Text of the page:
I'm waiting for a home health nurse to arrive to our apartment for my last IV steroid infusion- Day 3 of 3. She arrives, hooks me up and starts the drip, and I sit on the couch chatting with her for the 2 hour duration. My mouth begins to taste as if I'm sucking on a handful of pennies (not recommended), so I unwrap another Jolly Rancher to mask the taste. The metal-mouth and temporary "port" in my arm are a small price to pay for the annoying relapsing symptoms of Multiple Sclerosis to subside.

My nurse casually mentions she is pregnant. She's four months along. It's a boy. She is excited. She is tired. She is thirsty. We talk about names. We talk about how expensive it is to afford day care in Los Angeles. She opines on whether she will stay at home and just work weekends, or whether they will place her baby boy in day care. For a moment I feel relieved. Those thoughts and burdens are stressful, and they are not my burdens today.

I look up at the IV bag where the liquid gathers, and watch as the sunlight shines through the slow forming droplets while they swell and sag, and finally break off and drip down. The cat closely inspects a thin hanging tube attached to the bag of liquid at one end; attached to me at the other. She scampers away. The air conditioning kicks in for another minute or two. Birds chirp outside, cars zoom past one another outside on the street. My computer chimes signaling a new email has arrived to my inbox. I click to refresh the screen and read about the urgent meeting that must be set for my boss.

Nothing is stopping. In fact, somehow the passing of time is accelerating. The final IV drip is complete. The nurse removes the needle from my vein. I press down on the cotton pad to keep my forearm from bleeding until a fresh bandage adheres to my skin.

I wish the nurse luck with her baby. She disappears behind the front door.

As I reflect, I marvel at my current emotional state. I feel as if I might have finally reached the other side of unbearable pain and longing when I think about having (or, not having) a baby. Maybe now all settings have switched to cruise control. Or even Zen? I'm no longer clutching that mothering dream in the palm of my hand, I've let it go so that I could steady my health instead, for now.

My grandfather called me one Saturday a year or so ago, and through tears of fond joy, told me about his favorite Aunt. As I walked down the sidewalk I listened through the overheating iPhone against my cheek as Granddad gushed about her. She never had children, though she wanted them. She doted on her nephew and niece as if they were her own--and spoiled them rotten. I understood what he was trying to tell me, and I cringed. I remember wanting to throw my phone into oncoming traffic. I didn't want to hear it. I didn't want to imagine myself as the favorite Aunt/never mother/forever.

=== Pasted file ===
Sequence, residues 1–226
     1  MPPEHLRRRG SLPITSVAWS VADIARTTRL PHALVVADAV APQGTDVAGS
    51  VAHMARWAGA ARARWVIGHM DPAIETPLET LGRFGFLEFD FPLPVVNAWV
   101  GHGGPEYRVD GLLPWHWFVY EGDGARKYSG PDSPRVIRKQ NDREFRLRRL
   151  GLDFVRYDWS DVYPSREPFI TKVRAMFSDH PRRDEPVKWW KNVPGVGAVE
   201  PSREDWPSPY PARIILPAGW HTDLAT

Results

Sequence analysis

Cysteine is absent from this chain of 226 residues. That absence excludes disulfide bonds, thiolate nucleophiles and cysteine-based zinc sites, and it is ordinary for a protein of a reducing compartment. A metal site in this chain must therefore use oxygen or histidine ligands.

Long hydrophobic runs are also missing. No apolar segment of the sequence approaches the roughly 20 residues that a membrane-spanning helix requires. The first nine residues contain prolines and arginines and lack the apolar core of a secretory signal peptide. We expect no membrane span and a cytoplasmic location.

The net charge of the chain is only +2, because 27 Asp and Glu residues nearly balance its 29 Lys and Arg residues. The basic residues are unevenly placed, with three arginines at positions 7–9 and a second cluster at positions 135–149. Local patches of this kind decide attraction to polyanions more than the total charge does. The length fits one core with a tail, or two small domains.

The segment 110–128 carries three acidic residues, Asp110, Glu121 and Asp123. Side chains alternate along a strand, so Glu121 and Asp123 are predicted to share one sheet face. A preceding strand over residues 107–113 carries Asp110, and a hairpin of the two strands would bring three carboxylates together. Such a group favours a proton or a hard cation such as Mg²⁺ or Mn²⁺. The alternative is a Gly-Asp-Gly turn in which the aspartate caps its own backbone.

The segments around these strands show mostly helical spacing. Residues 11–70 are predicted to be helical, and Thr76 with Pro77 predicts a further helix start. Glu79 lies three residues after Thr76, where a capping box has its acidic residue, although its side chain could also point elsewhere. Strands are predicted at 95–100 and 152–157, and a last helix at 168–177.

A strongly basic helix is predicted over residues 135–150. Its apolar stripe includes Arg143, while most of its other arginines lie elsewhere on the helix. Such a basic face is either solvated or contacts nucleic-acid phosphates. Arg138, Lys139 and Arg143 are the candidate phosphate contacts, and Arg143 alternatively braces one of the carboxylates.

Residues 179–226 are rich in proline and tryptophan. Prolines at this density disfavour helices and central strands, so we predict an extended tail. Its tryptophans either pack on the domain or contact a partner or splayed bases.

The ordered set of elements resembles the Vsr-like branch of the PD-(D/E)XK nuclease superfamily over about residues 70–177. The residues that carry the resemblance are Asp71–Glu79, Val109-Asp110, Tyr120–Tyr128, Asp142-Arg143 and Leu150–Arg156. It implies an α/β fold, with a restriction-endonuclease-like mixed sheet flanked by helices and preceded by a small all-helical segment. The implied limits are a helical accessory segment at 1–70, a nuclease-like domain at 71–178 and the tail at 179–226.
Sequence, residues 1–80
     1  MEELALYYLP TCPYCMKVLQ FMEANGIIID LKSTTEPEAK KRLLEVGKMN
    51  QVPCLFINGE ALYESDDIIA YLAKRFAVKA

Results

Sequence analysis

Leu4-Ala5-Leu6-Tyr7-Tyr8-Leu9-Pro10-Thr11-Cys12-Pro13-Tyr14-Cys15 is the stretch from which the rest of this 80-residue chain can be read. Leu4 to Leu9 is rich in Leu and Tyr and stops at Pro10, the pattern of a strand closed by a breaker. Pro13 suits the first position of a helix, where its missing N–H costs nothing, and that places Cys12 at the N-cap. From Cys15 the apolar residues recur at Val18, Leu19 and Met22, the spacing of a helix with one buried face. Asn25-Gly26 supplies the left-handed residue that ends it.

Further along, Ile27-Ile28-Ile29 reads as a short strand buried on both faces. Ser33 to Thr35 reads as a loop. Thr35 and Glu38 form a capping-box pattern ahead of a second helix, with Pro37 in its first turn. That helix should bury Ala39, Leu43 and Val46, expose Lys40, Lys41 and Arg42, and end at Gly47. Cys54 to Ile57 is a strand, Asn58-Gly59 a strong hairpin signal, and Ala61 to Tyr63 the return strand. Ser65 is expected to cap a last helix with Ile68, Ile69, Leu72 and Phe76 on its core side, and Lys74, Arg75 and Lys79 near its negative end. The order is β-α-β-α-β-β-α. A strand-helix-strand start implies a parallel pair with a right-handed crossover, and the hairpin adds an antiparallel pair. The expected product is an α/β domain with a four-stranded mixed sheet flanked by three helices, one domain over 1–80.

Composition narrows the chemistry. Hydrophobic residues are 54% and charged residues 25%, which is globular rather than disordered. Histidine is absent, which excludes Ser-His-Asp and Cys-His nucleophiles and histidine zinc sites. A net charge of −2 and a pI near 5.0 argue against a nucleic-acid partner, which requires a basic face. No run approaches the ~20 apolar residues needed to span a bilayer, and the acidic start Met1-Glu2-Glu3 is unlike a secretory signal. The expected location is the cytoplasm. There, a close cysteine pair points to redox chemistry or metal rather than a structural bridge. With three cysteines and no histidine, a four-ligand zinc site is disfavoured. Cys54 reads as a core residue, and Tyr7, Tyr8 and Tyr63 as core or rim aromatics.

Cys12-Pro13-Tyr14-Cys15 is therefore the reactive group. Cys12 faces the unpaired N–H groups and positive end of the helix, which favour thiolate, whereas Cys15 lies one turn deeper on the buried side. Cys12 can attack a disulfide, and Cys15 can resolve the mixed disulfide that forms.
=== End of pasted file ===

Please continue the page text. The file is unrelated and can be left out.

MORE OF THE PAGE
Granddad was onto something with that phone call. He planted a much needed seed of acceptance in my heart. I wasn't ready for it then;I'm not even sure that I'm ready for it now, but I think it sprouted in here somewhere.

Do I think not experiencing childbirth means God doesn't WANT me to have children? Absolutely not. Do I think that my lack of fertility reflects a lack of my faithfulness? Shoot, no. It certainly does not. And I haven't yet thrown in the towel. But I think I'll call my new handful of fresh perspective, or, lack of a tight grip, progress.

Angie Willis

Culver Palms Church of Christ Los Angeles, CA

Muscle Memory

Hosea 11:1-11

My girls had been begging to pull out home videos from the days when they were babies. We took a leisure morning and replayed the past, recounting birth announcements, first steps, Christmases, birthdays, vacations, and a few random life moments of twirling in princess dresses and living room dance parties. As we watched, I experienced a phenomenal flood of mental photographs. Moments that had settled to the back corners of my mind were catapulted to the front and suddenly I could remember the most obscure details. The sound of their baby voices triggered emotions and memories of cutting grapes into tiny bite-sized pieces and daily fearing I was doing it all wrong. I remember sleepless nights, when two straight hours of sleep was a victory and the pains of a tight pocketbook that limited our fun outings to story time at the library and picnics in the park. The loneliness and isolation of being a young mother was brought back into my rearview mirror. In the moment, life can seem so hard. But the videos reminded me that even though some moments were challenging, we smiled and danced through it.